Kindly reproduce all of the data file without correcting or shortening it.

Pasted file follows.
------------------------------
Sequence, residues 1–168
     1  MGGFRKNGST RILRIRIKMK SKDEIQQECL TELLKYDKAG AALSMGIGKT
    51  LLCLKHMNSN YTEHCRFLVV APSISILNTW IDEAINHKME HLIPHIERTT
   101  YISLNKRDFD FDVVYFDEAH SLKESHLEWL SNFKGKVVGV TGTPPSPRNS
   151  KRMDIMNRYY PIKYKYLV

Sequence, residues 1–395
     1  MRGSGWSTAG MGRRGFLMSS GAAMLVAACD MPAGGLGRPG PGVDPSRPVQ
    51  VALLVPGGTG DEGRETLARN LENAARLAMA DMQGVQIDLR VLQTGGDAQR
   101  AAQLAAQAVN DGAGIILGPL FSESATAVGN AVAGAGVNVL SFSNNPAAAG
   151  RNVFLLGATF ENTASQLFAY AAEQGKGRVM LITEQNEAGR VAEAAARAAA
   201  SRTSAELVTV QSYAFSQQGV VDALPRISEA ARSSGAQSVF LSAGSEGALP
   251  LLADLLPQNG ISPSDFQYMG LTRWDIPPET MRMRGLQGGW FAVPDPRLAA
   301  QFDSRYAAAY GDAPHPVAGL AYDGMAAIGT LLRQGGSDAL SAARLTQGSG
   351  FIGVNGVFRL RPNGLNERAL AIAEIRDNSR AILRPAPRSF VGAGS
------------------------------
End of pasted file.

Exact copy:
Sequence, residues 1–168
     1  MGGFRKNGST RILRIRIKMK SKDEIQQECL TELLKYDKAG AALSMGIGKT
    51  LLCLKHMNSN YTEHCRFLVV APSISILNTW IDEAINHKME HLIPHIERTT
   101  YISLNKRDFD FDVVYFDEAH SLKESHLEWL SNFKGKVVGV TGTPPSPRNS
   151  KRMDIMNRYY PIKYKYLV

Sequence, residues 1–395
     1  MRGSGWSTAG MGRRGFLMSS GAAMLVAACD MPAGGLGRPG PGVDPSRPVQ
    51  VALLVPGGTG DEGRETLARN LENAARLAMA DMQGVQIDLR VLQTGGDAQR
   101  AAQLAAQAVN DGAGIILGPL FSESATAVGN AVAGAGVNVL SFSNNPAAAG
   151  RNVFLLGATF ENTASQLFAY AAEQGKGRVM LITEQNEAGR VAEAAARAAA
   201  SRTSAELVTV QSYAFSQQGV VDALPRISEA ARSSGAQSVF LSAGSEGALP
   251  LLADLLPQNG ISPSDFQYMG LTRWDIPPET MRMRGLQGGW FAVPDPRLAA
   301  QFDSRYAAAY GDAPHPVAGL AYDGMAAIGT LLRQGGSDAL SAARLTQGSG
   351  FIGVNGVFRL RPNGLNERAL AIAEIRDNSR AILRPAPRSF VGAGS